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By Regina N. Barnett

Tuesday, February 16, 2010.


“I am so perfect so divine so ethereal so surreal/I cannot be comprehended accept by my permission” ~”Ego Trippin’,” Nikki Giovanni

I know I am breaking the code of Beyoncé by speaking on B out of the context of perfection. Music has always proven a viable outlet for any representation of blackness whether gendered male or female. The blues, for example, provided a voice for women of color to talk about those things too worldly for the church walls. Ma Rainey, Bessie Smith, and Ella Fitzgerald were dangerous. They spoke to their passions, their pain, and their experiences of black womanhood.

These women carved out a niche for the blues women depicted in literature– Shug Avery in The Color Purple, Ma Rainey in Ma Rainey’s Black Bottom, and Ursa in Corregidora are only a small sampling.

What the blues women started to fight, female rap and R&B artists continue to battle today. This constant struggle could be considered part of that call by Ursa’s mother in Corregidora to “make generations.” Generations of black women have tussled between the demand of communal, if not ritualistic obedience to social expectation and the desire to express themselves. Beyoncé Knowles is not immune to that toil. Her 2008 release I am…Sasha Fierce proves that.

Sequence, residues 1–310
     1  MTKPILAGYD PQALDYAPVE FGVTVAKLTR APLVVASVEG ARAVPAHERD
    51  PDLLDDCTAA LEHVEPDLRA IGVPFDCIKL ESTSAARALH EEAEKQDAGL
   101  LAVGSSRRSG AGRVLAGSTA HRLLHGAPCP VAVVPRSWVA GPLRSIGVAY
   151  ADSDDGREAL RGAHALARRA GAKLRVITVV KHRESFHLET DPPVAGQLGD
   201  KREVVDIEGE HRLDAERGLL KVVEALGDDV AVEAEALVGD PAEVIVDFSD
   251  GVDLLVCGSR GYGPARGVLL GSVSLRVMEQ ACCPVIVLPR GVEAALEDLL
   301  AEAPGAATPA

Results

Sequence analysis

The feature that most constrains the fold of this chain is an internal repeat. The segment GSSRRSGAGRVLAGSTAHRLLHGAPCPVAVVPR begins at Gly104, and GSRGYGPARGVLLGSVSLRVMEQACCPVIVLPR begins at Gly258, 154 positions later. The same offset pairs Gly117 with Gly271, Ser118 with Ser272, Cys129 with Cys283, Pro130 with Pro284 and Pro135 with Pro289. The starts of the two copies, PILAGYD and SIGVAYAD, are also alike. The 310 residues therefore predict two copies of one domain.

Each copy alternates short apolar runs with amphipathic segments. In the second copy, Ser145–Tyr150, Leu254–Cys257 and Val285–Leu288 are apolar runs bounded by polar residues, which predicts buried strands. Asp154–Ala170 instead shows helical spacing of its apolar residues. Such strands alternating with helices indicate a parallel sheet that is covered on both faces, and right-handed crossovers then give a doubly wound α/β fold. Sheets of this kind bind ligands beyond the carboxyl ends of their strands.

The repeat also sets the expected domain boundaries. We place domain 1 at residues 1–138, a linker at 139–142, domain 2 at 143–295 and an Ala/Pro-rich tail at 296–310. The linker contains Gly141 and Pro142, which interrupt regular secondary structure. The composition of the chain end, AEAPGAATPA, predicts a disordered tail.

The dual CD, which caters a disc a piece to Knowles’ performance personalities of Beyoncé and Sasha Fierce, represent the extremities of black women’s sexuality. There’s the ballad driven Beyoncé and the booty and body poppin’ Sasha Fierce. Here’s my question, folks: what, exactly, besides performance, is fierce about Sasha Fierce? A friend jokingly told me that Sasha Fierce is a drag queen’s dream because of her intricate dance routines and flamboyant attire. He made me think specifically about the music video for “Video Phone.” Lady Gaga didn’t stand a chance.

Like black men, women of color also battle the case of the extremities – the asexual mammy-esque figure and the voluptuous and exotic black Venus that craves only sex. Beyoncé presents both. Her ballads suggest love and sex are two different monsters. Beyoncé croons “I-don’t-have-to-have-sex-with-you-to-love-you” lyrics and Sasha Fierce spits “I-don’t-have-to-love-you-to-sex-you” tracks. Knowles’ music suggests the need to retain a critical distance from her performance character and her actual person.

With thanks to New Black Man.

Regina N. Barnett is a doctoral student in African American Literature and Culture at Florida State University. She earned her MA in African American Studies from Indiana University Bloomington. Currently, her research interests include performance and gender identity, popular black culture, late 20th and 21st century black literature, and Hip Hop.

Ms Barnett blogs at Red Clay Scholar.

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